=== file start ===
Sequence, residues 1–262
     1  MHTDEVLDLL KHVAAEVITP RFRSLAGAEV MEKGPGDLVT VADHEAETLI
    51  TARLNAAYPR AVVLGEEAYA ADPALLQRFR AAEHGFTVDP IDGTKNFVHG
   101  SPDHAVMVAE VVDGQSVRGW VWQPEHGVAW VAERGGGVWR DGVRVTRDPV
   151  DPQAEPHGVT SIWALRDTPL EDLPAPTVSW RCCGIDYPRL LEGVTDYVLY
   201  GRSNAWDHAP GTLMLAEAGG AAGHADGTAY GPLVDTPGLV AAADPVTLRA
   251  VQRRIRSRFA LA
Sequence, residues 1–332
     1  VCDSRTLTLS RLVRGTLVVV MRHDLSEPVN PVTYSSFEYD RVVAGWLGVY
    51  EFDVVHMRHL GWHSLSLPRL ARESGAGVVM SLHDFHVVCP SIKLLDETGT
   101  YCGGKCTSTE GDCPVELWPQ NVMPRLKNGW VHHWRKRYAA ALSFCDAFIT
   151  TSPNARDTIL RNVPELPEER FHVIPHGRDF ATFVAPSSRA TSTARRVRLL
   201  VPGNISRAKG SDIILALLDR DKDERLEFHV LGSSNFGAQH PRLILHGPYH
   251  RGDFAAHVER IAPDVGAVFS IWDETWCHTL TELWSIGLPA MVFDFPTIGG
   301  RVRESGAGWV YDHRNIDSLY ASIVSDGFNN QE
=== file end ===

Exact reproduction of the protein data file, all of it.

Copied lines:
Sequence, residues 1–262
     1  MHTDEVLDLL KHVAAEVITP RFRSLAGAEV MEKGPGDLVT VADHEAETLI
    51  TARLNAAYPR AVVLGEEAYA ADPALLQRFR AAEHGFTVDP IDGTKNFVHG
   101  SPDHAVMVAE VVDGQSVRGW VWQPEHGVAW VAERGGGVWR DGVRVTRDPV
   151  DPQAEPHGVT SIWALRDTPL EDLPAPTVSW RCCGIDYPRL LEGVTDYVLY
   201  GRSNAWDHAP GTLMLAEAGG AAGHADGTAY GPLVDTPGLV AAADPVTLRA
   251  VQRRIRSRFA LA
Sequence, residues 1–332
     1  VCDSRTLTLS RLVRGTLVVV MRHDLSEPVN PVTYSSFEYD RVVAGWLGVY
    51  EFDVVHMRHL GWHSLSLPRL ARESGAGVVM SLHDFHVVCP SIKLLDETGT
   101  YCGGKCTSTE GDCPVELWPQ NVMPRLKNGW VHHWRKRYAA ALSFCDAFIT
   151  TSPNARDTIL RNVPELPEER FHVIPHGRDF ATFVAPSSRA TSTARRVRLL
   201  VPGNISRAKG SDIILALLDR DKDERLEFHV LGSSNFGAQH PRLILHGPYH
   251  RGDFAAHVER IAPDVGAVFS IWDETWCHTL TELWSIGLPA MVFDFPTIGG
   301  RVRESGAGWV YDHRNIDSLY ASIVSDGFNN QE